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By Martha C. White

As the communication workers strike against Verizon enters its second week, it has grown increasingly ugly, with reports of sabotaged equipment, picketing workers urging customers to boycott Verizon Wireless and Verizon telling investors that the strike will hit its bottom line this quarter.

Both sides appear to be digging in for a potentially protracted fight in what industry observers say is an especially high-stakes battle, some suggesting the outcome will be no less than a referendum on the strength and relevance of organized labor in the 21st century.

“This is an old-fashioned labor war,” said Gary Chaison, a professor of industrial relations at Clark University. “The labor movement sees the Verizon strike as a fight for its survival.”

Verizon workers picket outside one of the company's facilities Wednesday, April 13, 2016, in Philadelphia. Tens of thousands of Verizon landline and cable workers on the East Coast walked off the job Wednesday morning after little progress in negotiations since their contract expired nearly eight months ago. (AP Photo/Matt Rourke)Matt Rourke / AP

“The question is, is there going to be a unionized presence in this advanced, technologically innovative kind of industry?” said Nelson Lichtenstein, director of the Center for the Study of Labor, Work, and Democracy at the University of California — Santa Barbara.

The likely answer doesn’t bode well for unions.

Verizon’s highly profitable wireless business is almost entirely nonunionized, and telecommunications consultant Tim Farrar pointed out that the company has been investing more in content, buying AOL last year and expressing interest in acquiring Yahoo!

“In some ways, maybe you could say this is their last stand… not only subordinated to the wireless business, but also to these new ambitions,” Farrar said.

“The real dilemma of unions has been that job losses have been increasing,” Chaison said. “Unions tend to be in declining sectors of the economy... They’re stuck organizing sectors of the economy which are no longer growing.”

That’s why experts say the timing of the strike — the workers have been without a contract since last August — is no coincidence.

“By doing it at this time, it resonates in quite a big way with what’s going on politically,” said Joseph McCartin, history professor and director of Georgetown University’s Kalmanovitz Initiative for Labor and the Working Poor.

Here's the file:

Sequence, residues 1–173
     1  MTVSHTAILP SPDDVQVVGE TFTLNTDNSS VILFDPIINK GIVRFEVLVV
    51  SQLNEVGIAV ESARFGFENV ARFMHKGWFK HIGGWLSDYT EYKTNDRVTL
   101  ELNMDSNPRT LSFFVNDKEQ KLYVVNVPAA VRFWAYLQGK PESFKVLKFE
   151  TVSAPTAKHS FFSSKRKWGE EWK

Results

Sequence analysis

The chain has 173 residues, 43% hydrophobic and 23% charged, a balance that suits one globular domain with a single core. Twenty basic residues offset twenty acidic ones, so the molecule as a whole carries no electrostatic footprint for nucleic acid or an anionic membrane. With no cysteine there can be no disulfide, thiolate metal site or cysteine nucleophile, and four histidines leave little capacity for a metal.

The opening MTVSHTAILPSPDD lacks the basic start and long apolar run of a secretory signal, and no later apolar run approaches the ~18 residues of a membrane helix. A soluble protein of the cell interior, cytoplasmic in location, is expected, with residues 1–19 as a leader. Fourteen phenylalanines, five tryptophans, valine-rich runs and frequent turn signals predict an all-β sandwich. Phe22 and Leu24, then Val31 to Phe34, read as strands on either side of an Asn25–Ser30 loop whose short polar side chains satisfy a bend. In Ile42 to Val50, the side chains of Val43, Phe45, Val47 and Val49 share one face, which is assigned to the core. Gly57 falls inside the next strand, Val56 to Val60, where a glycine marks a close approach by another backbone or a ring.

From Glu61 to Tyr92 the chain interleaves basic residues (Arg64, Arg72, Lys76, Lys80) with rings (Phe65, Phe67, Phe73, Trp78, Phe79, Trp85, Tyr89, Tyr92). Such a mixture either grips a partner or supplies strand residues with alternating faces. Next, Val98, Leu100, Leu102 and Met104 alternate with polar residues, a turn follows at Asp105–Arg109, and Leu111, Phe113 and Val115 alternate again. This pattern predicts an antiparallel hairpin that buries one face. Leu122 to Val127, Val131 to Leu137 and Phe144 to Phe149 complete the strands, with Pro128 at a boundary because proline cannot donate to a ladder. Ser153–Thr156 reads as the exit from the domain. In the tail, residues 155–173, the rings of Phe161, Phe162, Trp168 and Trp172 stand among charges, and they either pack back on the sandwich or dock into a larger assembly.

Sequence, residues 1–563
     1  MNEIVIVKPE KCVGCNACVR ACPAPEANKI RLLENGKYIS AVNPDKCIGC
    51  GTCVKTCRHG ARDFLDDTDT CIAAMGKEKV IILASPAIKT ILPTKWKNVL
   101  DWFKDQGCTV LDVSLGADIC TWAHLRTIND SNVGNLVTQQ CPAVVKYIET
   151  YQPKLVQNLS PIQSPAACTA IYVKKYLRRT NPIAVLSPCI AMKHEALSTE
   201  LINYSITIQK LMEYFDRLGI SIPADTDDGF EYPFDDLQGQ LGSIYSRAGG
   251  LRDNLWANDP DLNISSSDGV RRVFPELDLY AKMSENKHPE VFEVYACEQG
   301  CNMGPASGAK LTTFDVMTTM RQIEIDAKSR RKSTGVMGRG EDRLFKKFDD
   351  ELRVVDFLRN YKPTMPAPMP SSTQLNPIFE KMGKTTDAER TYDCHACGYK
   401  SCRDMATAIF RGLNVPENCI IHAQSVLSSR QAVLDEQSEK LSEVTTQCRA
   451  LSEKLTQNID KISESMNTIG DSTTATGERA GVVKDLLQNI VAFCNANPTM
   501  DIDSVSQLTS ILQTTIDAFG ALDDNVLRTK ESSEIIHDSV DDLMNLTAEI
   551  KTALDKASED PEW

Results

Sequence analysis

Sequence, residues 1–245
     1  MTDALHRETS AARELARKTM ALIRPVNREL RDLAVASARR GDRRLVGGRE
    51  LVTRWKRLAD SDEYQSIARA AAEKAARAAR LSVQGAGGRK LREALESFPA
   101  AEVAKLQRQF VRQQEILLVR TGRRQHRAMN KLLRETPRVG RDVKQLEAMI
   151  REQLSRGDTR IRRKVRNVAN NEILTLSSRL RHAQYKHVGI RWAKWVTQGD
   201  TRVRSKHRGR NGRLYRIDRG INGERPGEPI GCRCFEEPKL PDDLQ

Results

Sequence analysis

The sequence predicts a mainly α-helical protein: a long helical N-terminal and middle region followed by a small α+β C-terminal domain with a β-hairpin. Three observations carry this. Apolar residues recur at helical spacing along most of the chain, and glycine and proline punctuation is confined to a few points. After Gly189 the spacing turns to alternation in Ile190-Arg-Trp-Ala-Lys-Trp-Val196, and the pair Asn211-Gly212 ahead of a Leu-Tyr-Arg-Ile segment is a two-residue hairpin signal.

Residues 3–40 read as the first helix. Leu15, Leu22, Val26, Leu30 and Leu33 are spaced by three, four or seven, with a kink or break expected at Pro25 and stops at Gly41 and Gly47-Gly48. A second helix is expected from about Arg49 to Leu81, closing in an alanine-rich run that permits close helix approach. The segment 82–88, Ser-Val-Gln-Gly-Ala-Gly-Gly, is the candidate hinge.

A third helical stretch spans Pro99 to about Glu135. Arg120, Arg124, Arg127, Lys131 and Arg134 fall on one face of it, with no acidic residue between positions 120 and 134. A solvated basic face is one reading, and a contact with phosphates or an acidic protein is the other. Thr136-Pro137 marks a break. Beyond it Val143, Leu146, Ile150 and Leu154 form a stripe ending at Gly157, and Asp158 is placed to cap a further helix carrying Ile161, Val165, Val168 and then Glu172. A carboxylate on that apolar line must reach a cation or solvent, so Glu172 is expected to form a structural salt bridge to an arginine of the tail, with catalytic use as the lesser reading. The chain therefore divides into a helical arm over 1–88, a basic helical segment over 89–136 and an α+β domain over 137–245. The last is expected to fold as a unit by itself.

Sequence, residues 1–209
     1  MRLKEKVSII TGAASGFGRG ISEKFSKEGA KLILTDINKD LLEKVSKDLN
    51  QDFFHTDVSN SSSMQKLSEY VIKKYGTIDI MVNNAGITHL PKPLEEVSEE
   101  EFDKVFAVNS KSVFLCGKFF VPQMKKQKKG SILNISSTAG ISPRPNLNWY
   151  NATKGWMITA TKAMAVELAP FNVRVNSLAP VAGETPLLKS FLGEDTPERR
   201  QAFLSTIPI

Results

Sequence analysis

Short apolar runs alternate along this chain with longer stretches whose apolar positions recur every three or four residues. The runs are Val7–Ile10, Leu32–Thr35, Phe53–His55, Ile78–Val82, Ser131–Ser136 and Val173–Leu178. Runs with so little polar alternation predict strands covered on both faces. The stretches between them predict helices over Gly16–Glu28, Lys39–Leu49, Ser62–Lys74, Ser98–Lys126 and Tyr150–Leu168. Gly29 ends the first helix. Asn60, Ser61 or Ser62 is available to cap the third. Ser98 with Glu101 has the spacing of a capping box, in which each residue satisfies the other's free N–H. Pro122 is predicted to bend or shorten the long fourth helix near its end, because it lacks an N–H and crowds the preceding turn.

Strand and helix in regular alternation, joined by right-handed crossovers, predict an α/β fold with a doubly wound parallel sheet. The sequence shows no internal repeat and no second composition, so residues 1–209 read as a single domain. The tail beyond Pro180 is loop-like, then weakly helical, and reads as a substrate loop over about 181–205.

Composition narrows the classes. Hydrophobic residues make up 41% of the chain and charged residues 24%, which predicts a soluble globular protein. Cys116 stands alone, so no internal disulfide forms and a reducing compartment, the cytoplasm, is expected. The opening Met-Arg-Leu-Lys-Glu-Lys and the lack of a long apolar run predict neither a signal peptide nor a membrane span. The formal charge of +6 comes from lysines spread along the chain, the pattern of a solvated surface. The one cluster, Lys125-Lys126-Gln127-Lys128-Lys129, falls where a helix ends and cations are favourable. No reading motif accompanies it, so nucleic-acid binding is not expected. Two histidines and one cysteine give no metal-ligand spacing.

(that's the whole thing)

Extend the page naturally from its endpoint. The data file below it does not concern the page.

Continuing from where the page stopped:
Even if the timing is prescient, though, Verizon still has some advantages; primarily, that it’s still making money from both wireless and strike-impacted wireline services, and those networks are automated.

Verizon said thousands of nonunion employees had been trained and deployed to handle the work performed by striking union members, but the longer the strike drags on, the more frayed that patch will become, especially as the summer months bring potentially service-interrupting thunderstorms to the Northeast.

“Over time, there’s erosion of quality and maintenance,” Lichtenstein said, but by that point in might be too late.

“Long strikes tend to be lost strikes,” he said.

Experts say the union’s best-case scenario is that public discontent and political pressure grow to the point where regulators step in. They might examine whether Verizon should be regulated more like a utility, with a universal broadband mandate replacing the 20th century universal telephone service mandate.

Although Verizon recently announced it was building out “a new fiber platform” in Boston, earlier plans for more extensive expansion up and down the East Coast have stalled, prompting an audit by New York City that charged the company with underserving many lower-income residents.

“Verizon substantially failed to meet its commitment to the people of New York City,” Mayor Bill de Blasio said in a statement last year. “We will hold them accountable.”

“If you want to make FiOS work now, you have to be a utility because you have to push out into areas that are not going to be all that profitable,” Keefe said.

“Up until now universal service has been telephony, that is clearly inadequate today,” Keefe said. “I think the FCC has got to make some decisions.”

Union leadership has called on Verizon to build out its FiOS fiber network and still continue maintaining traditional copper-wire phone lines for those customers who still only have land lines — a duty framed as good corporate citizenship, but one that also would protect strikers’ jobs by ensuring that their skills remained relevant and necessary for Verizon’s continued business operations.

Tying their cause to political issues of the day might ultimately help the striking communication workers prevail, but the flip side of a victory that empowers a broader swath of workers is a defeat that not only weakens the union, perhaps permanently shifting the dynamic of power, but that tarnishes politicians that supported the strike.

“A defeat for the workers would be a blow not just to Verizon workers but to other workers and allies of workers in the Democratic party,” McCartin said.